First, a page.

that is, until the financial crisis of 2009. The 2:1 ratio has since
been replaced with more like a 1:1 correlation, meaning that
most trade forecasts were firstly affected by the downturn and
secondly by a structural change in market growth.
Why is this? There are several reasons. The first is that
developed countries including the Eurozone have yet to
fully recover and therefore there is less demand for imports of
consumer goods. Second, developing countries have been
forced to focus their investment on domestic infrastructure
to maintain economic growth. China is the best example
of this. Third, the global economic downturn has created
more protectionist policies, which have acted as a drag on
international trade. Fourthly, governments around the world
have actively suppressed short term consumer demand in
their own economies. And finally, the outsourcing trend to
the Far East in 1980s, 90s and 2000s was a one-off gain for
international trade. Since then the increase in volumes has
been incremental, as most production processes that could be
unbundled and out-sourced to remote manufacturing locations
in Asia, already have been.
Key trends and market opportunities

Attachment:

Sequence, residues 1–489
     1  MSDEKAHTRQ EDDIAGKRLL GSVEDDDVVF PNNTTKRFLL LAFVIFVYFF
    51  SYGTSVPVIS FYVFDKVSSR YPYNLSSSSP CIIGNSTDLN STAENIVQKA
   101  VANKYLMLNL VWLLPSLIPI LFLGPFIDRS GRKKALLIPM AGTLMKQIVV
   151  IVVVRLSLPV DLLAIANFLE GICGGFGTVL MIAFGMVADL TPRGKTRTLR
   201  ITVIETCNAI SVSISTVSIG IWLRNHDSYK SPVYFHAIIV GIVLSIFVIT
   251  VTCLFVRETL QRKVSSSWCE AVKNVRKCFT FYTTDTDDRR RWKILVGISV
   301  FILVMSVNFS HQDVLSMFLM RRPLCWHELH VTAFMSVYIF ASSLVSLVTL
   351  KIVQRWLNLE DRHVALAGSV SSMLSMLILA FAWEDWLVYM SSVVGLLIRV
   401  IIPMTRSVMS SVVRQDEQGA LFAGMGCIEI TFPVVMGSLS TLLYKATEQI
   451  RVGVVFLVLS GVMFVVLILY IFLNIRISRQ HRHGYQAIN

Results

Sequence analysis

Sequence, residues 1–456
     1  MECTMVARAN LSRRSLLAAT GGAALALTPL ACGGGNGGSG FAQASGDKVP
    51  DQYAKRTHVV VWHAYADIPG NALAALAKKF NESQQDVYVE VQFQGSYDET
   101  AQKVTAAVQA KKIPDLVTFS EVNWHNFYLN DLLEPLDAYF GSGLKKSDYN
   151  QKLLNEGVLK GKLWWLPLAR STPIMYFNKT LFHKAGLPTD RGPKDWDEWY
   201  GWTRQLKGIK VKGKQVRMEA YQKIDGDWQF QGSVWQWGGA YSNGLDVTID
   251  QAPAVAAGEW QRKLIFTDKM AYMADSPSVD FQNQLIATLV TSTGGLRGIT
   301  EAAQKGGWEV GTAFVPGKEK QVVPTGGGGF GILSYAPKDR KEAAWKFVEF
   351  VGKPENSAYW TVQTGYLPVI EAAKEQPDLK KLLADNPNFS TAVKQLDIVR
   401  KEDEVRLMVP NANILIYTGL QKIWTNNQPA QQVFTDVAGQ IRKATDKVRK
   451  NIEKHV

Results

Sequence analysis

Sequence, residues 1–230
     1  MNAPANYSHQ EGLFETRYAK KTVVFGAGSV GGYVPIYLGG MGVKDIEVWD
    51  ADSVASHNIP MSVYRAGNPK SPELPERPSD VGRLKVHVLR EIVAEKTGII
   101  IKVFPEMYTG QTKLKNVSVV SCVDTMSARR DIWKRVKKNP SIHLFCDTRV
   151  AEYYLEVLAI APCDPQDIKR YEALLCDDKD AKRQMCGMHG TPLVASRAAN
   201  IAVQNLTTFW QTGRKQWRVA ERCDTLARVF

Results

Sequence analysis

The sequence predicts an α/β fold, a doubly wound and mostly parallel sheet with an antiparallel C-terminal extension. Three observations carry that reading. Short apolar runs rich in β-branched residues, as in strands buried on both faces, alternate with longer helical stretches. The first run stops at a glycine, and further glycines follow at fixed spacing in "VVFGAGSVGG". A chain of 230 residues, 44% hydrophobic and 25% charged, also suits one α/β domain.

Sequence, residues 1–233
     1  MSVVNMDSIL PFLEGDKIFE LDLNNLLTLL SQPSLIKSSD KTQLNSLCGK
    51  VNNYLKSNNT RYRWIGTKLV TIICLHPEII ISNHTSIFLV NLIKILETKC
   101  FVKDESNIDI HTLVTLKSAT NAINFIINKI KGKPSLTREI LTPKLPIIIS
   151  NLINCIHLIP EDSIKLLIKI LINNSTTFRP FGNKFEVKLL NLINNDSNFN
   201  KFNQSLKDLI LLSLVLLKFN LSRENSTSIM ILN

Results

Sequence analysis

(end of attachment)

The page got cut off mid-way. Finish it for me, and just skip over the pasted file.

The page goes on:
September 2015 Transport Intelligence Global Express and Small Parcels 2015 5
Regionalization, Near-sourcing and Emerging Markets
Also in terms of changing patterns of goods flows, it seems
that manufacturing and retailing is making a return from
globalization to regionalization of supply chains. This involves a
transformation from traditional East-West and West-East flows
to complex networks of developed and emerging markets.
What is the evidence for this?
Global flows of goods are becoming more disparate. In
the early 1990s two thirds of global flows of goods moved
through the top 50 routes. Two decades later this had
fallen to just over a half.
Cross-border flows of goods, services and finance from
emerging markets accounts for 40%of the worlds total, up
from 14% in 1990.
South-south trade has grown from 6% of all goods flows in
1990 to now around a quarter.
This shows that trade is re-balancing with obvious
consequences to shipping lines, air cargo carriers and freight